Armenian PM extends condolences to First Vice-President of Iran on devastating quake

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Gulani said there were an average of three strong aftershocks an hour, triggering panic.

Moreover, two major Iranian football clubs Esteghlal and Persepolis, provided 2,000 blankets to be distributed among people, in the quake-stricken regions in western Iran, whose houses have been damaged and who are left without shelter in the cold weather.

"The rescue operations in Kermanshah province have ended", Pir-Hossein Kolivand, head of Iran's Emergency Medical Services, said.

Foreign Minister Mohammad Javad Zarif thanked foreign countries offering to help but wrote on Twitter: "For now, we are able to manage with our own resources".

More than 316 people were killed in the town of Sarpol-e Zahab alone, about 15km from the Iraqi border.

One aid agency said 70,000 people needed shelter and the United Nations said it was "ready to assist if required".


A report on the quake's damage inflicted on the residential, commercial, industrial, and administrative structures was handed over to President Hassan Rouhani on Tuesday, the Construction Deputy of Kermanshah province governor office, Mojtaba Nik-Kerdar, was quoted as saying.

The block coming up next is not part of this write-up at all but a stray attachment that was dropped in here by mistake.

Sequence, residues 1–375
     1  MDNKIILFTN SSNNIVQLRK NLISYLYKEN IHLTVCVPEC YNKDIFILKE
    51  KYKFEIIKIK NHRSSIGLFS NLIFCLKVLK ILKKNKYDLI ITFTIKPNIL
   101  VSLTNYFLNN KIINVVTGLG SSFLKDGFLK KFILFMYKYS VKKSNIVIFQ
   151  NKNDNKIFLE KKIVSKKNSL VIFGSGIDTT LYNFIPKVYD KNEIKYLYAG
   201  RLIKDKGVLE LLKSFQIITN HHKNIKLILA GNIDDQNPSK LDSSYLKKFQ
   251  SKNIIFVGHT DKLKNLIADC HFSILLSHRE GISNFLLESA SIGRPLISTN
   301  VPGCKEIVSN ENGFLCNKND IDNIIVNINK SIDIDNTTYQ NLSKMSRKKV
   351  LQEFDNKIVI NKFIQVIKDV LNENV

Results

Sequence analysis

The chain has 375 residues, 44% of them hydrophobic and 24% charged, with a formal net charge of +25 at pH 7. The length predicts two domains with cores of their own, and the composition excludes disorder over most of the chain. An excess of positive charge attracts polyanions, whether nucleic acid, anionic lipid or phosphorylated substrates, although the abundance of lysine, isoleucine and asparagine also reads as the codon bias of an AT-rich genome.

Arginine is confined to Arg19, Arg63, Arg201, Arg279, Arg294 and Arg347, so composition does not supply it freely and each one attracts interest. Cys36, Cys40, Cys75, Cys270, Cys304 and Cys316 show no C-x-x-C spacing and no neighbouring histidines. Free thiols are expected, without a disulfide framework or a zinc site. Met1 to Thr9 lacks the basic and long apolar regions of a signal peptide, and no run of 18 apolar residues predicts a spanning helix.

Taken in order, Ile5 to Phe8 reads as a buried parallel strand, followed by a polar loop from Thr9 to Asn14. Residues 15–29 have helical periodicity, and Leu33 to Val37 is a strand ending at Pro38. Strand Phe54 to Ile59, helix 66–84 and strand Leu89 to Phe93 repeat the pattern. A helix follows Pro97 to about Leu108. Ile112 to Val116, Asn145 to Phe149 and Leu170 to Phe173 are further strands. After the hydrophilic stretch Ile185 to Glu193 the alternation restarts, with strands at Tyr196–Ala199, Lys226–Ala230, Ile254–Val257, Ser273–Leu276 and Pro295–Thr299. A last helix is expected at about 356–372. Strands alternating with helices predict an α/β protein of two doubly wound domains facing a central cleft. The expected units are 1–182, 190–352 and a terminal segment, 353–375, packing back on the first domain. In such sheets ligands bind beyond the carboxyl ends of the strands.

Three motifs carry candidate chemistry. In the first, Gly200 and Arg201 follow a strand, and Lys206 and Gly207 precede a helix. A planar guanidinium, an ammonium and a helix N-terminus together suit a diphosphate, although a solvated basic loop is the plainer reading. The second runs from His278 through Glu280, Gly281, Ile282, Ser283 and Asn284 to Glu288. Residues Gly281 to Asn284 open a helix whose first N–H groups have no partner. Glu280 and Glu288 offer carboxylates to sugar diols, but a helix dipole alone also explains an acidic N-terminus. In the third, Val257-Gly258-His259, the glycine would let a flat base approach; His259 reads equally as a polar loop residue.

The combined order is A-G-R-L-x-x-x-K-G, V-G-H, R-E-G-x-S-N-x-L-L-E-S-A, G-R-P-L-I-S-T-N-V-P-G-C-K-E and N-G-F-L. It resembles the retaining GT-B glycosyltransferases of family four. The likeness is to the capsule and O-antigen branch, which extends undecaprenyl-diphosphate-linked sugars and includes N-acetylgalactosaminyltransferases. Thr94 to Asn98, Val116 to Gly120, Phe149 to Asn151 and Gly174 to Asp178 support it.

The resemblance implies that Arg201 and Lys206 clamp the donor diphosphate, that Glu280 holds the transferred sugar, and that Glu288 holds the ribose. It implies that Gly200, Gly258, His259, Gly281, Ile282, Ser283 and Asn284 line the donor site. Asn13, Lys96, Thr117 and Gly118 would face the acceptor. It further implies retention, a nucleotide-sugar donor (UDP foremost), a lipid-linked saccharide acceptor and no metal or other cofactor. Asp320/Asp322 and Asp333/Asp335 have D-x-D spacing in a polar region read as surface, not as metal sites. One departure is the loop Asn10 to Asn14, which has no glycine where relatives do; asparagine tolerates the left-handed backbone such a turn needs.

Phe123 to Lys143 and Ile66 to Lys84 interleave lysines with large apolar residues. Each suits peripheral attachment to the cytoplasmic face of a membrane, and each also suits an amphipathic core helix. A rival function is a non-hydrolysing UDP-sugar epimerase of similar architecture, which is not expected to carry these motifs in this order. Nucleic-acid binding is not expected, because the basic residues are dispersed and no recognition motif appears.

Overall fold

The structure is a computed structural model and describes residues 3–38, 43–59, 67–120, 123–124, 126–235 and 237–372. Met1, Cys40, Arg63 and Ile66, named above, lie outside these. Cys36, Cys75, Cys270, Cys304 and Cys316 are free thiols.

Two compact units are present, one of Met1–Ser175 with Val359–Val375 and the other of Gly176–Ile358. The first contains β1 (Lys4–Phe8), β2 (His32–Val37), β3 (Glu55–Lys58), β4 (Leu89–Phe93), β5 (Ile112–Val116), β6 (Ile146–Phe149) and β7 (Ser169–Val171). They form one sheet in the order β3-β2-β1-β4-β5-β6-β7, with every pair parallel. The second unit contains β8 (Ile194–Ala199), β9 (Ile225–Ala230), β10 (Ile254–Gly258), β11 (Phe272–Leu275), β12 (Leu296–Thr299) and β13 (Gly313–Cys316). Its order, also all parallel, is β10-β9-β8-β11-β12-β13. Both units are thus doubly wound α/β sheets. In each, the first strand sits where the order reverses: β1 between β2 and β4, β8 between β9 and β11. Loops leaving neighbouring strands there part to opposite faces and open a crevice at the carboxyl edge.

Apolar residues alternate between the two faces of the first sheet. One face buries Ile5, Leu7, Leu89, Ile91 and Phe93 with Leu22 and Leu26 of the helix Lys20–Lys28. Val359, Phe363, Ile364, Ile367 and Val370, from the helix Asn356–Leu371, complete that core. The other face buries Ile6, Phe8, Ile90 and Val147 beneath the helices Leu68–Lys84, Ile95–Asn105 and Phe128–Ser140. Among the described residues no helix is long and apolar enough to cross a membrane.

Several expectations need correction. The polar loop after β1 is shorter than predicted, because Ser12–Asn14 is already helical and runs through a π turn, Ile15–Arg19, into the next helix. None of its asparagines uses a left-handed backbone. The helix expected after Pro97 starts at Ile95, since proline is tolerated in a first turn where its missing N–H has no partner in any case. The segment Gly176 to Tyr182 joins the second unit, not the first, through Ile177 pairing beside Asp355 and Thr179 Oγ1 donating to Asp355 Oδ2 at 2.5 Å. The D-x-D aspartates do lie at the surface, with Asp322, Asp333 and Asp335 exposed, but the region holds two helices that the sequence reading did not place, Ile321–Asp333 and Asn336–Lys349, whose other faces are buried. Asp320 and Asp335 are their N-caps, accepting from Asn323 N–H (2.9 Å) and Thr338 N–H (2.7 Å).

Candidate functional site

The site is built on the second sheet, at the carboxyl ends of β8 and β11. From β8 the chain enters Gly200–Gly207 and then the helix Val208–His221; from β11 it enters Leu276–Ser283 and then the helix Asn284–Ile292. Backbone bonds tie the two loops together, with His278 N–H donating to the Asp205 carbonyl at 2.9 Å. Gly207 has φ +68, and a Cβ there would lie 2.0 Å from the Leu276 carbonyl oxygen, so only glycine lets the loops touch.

In Sarpol-e Zahab, he asked: "Who is to be blamed for this?"

He said that the government will take all efforts to solve the problems in the region in the shortest possible time and will help the affected people rebuild their dwellings.

Aside from the 530 people killed in Iran, 7,817 were injured, the state-run IRNA news agency reported.

On the Iraq side of the border, 11 people were killed and the most damage was seen in Darbandikhan, near the semi-autonomous Kurdistan region.

A resident, Khosrow, told BBC Persian: "Walls have fallen on my sisters and father".


"Newly constructed buildings. held up well, but the old houses built with earth were totally destroyed", he told state TV while visiting the affected region.

The Iranian Red Crescent Society has deployed 16 response teams, 31 sniffer dog teams, 41 debris removing teams, 48 emergency sheltering teams and nine emergency treatment teams in the hardest-hit areas.

Search and rescue operations are nearly complete while relief operations could take months, Mansoureh Bagheri, director of worldwide operations at the Iranian Red Crescent, told CNN on Tuesday.

The epicenter of the natural disaster was recorded near Ezgeleh, Iran, about 135 miles northeast of Baghdad in Iraq.

It was 15 miles deep - a shallow depth that can cause broader damage - and was felt for about 20 seconds in Baghdad, as well as in Turkey, Kuwait and Israel.


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